1812 - 1815
The Indian Tribes of the Ohio and Northwest area fought for Great Britain because they were angered at the colonists taking and settling their lands. However, the Oneidas, once again, allied themselves with the colonists and suffered a number of casualties. The Treaty of Ghent ended the war. There was no land lost or gained, and peaceful relations between the United States and Great Britain advanced from that time forward.
Civil War image. Click for full size.
By K. Linzmeier, June 8, 2014
6. Civil War
1861 - 1865
Over one-tenth of the Oneida population enlisted in the army for the Union Cause. Of these volunteers, 46 were killed, missing in action, or died in the South of disease. They distinguished themselves at the Atlanta Campaign and the Battle of Nashville. The Oneidas organized a company of sharpshooters in the 3rd Wisconsin Volunteer Infantry.
Spanish American War image. Click for full size.
By K. Linzmeier, June 8, 2014
7. Spanish American War
1898
The Spanish American War was an armed conflict between Spain and the United States that took place from April to August 1898. The Treaty of Paris after only 109 days of war, ended the conflict and gave the United States ownership of the former Spanish colonies of Puerto Rico, the Philippines and Guam. Oneida men volunteered for service in this war. Although there were no known Oneida casualties, combat from this war claimed 432 American lives.
World War I image. Click for full size.
By K. Linzmeier, June 8, 2014
8. World War I
1917 - 1918
Over one-tenth of the Oneida population enlisted in the army for the Union Cause. Of these volunteers, 46 were killed, missing in action, or died in the South of disease. They distinguished themselves at the Atlanta Campaign and the Battle of Nashville. The Oneidas organized a company of sharpshooters in the 3rd Wisconsin Volunteer Infantry.
World War II image. Click for full size.
By K. Linzmeier, June 8, 2014
9. World War II
1941 - 1946
Hundreds of Oneida men and women left their homes to fight in all theaters of the war, from Africa to Italy, Germany, the South Pacific and Asian mainland. Some were victims of the Bataan Death March in the Philippines. Eventually, the Philippines and survivors of the Bataan Death March were liberated.
Korean War image. Click for full size.
By K. Linzmeier, June 8, 2014
10. Korean War
1950 - 1955
Many of the Oneida who served in WWII also served in Korea. Members enlisted and some were drafted into all branches of the military. During combat, some experienced extreme deprivation and poor conditions as prisoners of war. This war is often referred to as the "Forgotten War."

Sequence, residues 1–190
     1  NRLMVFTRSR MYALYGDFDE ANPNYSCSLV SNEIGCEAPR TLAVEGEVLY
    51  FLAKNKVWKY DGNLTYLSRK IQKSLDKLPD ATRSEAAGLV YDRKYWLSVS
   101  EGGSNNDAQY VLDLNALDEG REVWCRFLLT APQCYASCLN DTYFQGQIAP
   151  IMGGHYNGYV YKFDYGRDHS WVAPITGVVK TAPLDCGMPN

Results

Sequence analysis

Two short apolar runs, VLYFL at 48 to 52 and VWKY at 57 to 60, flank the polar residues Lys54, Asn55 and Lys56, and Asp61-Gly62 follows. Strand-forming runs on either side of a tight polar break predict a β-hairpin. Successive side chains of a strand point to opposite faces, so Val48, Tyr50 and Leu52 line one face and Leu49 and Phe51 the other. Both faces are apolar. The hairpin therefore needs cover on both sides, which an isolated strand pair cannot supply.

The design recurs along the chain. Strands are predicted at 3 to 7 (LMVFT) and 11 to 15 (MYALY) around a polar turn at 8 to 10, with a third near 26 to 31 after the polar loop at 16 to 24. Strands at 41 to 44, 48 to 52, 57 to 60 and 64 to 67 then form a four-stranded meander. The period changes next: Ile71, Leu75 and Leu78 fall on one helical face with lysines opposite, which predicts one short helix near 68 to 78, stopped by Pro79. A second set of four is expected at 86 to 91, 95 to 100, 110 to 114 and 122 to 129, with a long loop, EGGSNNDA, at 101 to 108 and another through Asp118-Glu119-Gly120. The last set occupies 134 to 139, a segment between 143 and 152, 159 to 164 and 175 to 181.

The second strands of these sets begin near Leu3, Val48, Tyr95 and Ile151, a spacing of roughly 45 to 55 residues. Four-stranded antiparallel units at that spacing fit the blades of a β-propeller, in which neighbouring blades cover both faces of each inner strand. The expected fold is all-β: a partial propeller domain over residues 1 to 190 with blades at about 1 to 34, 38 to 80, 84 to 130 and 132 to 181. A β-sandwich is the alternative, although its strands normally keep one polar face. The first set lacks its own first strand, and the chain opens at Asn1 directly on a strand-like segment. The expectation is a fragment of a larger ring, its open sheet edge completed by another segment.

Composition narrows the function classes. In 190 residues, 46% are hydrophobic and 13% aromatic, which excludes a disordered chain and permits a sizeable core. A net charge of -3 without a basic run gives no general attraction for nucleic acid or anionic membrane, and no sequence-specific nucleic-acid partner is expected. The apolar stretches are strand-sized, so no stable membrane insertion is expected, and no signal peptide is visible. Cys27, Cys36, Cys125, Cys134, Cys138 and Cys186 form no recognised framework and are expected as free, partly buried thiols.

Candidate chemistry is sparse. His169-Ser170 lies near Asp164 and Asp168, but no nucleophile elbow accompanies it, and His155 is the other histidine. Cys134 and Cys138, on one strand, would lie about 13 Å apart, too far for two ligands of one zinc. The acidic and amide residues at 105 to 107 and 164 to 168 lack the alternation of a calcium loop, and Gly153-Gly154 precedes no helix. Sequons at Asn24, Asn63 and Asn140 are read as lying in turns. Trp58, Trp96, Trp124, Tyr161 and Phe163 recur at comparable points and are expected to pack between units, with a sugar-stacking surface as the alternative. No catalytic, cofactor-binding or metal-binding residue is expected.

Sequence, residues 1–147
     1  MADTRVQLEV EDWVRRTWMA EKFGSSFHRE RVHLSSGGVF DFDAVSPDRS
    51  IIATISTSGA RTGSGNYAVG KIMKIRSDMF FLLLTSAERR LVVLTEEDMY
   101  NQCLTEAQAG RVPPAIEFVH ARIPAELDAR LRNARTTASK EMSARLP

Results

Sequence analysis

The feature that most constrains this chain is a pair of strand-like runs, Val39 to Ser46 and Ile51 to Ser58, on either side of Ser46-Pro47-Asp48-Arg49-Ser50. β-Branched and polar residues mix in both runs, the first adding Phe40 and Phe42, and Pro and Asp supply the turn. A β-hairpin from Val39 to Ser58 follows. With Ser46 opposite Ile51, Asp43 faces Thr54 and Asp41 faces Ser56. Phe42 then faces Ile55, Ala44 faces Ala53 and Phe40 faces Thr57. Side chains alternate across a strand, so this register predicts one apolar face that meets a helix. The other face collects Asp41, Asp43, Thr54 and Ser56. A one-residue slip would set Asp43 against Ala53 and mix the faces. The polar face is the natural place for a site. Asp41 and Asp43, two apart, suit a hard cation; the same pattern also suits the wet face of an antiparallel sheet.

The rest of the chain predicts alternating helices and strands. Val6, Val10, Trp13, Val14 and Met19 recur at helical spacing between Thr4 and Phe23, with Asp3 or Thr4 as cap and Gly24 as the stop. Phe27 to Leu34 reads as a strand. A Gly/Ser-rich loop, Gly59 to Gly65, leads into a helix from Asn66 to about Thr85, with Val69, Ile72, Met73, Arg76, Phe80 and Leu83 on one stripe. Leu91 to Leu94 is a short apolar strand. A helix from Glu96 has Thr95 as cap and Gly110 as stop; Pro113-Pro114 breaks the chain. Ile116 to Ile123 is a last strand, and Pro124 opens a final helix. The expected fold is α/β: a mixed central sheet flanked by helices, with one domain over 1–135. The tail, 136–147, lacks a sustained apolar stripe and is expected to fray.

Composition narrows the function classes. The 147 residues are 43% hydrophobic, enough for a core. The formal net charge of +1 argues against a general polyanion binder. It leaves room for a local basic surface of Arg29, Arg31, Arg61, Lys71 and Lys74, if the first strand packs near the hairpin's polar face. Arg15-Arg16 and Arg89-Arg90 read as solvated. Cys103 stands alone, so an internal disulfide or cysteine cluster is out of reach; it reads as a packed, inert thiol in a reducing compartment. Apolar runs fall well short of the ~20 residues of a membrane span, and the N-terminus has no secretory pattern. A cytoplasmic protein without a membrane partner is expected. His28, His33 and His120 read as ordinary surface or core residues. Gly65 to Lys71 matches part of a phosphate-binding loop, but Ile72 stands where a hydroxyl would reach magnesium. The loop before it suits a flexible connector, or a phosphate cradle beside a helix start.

Vietnam War image. Click for full size.
By K. Linzmeier, June 8, 2014
11. Vietnam War
1964 - 1975
The Vietnam War was called the longest of all American wars. The Oneida men and women of this war were very likely the family of veterans who served in other previous American wars. The Oneida were well represented in all branches of the military in this unconventional war.
Desert Shield/Desert Storm image. Click for full size.
By K. Linzmeier, June 8, 2014
12. Desert Shield/Desert Storm
1990 - 1991
Oneida members, as part of a U.S. led coalition, were called up to liberate Kuwait and defend Saudi Arabia and other countries in the Gulf region from Iraq.
War in Bosnia image. Click for full size.
By K. Linzmeier, June 8, 2014
13. War in Bosnia
1992 - 1995
Oneida members participated as peacekeeping armed forces in Operation Joint Endeavor with the United Nations to prevent further massacres and genocide in this region.
Kosovo War image. Click for full size.
By K. Linzmeier, June 8, 2014
14. Kosovo War
1996 - 1999
During Operation Allied Force, Oneida members were tasked with NATO forces to defend Kosovo against "ethnic cleansing" and compel compliance with the demands of the international community.
War on Terror image. Click for full size.
By K. Linzmeier, June 8, 2014
15. War on Terror
2001 - Present
Following the September 11, 2001 attacks, Oneida men and women were deployed worldwide to conduct combat operations against terrorists and countries that support and harbor terrorism and to defend our country from future attacks.
Future Warriors Panel image. Click for full size.
By K. Linzmeier, June 8, 2014
16. Future Warriors Panel
Dedicated to our future warriors who will proudly represent Oneida and serve the United States to help maintain peace and the freedoms we enjoy.
Oneida Nation Veterans Seal image. Click for full size.
By K. Linzmeier, June 8, 2014
17. Oneida Nation Veterans Seal
On^yote§a•ka
People of the Standing Stone
Oneida Veterans Memorial image. Click for full size.
By K. Linzmeier, June 8, 2014
18. Oneida Veterans Memorial
Oneida Veterans Memorial image. Click for full size.
By K. Linzmeier, June 8, 2014
19. Oneida Veterans Memorial
Eagle Statue image. Click for full size.
By K. Linzmeier, June 8, 2014
20. Eagle Statue
The Oneida Veterans Wall can be seen in the distance.
 
 
Credits. This page was last revised on June 16, 2016. This page originally submitted on November 18, 2014, by Keith L of Wisconsin Rapids, Wisconsin. This page has been viewed 281 times since then and 43 times this year. Photos:   1, 2, 3, 4, 5, 6, 7, 8, 9, 10, 11, 12, 13, 14, 15, 16, 17, 18, 19, 20. submitted on November 18, 2014, by Keith L of Wisconsin Rapids, Wisconsin.